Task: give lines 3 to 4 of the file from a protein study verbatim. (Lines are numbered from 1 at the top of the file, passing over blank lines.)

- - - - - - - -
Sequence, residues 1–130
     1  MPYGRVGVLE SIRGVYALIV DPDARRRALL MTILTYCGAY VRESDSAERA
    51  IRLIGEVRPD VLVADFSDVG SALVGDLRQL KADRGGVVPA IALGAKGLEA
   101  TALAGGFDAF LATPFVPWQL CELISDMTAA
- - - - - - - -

    51  IRLIGEVRPD VLVADFSDVG SALVGDLRQL KADRGGVVPA IALGAKGLEA
   101  TALAGGFDAF LATPFVPWQL CELISDMTAA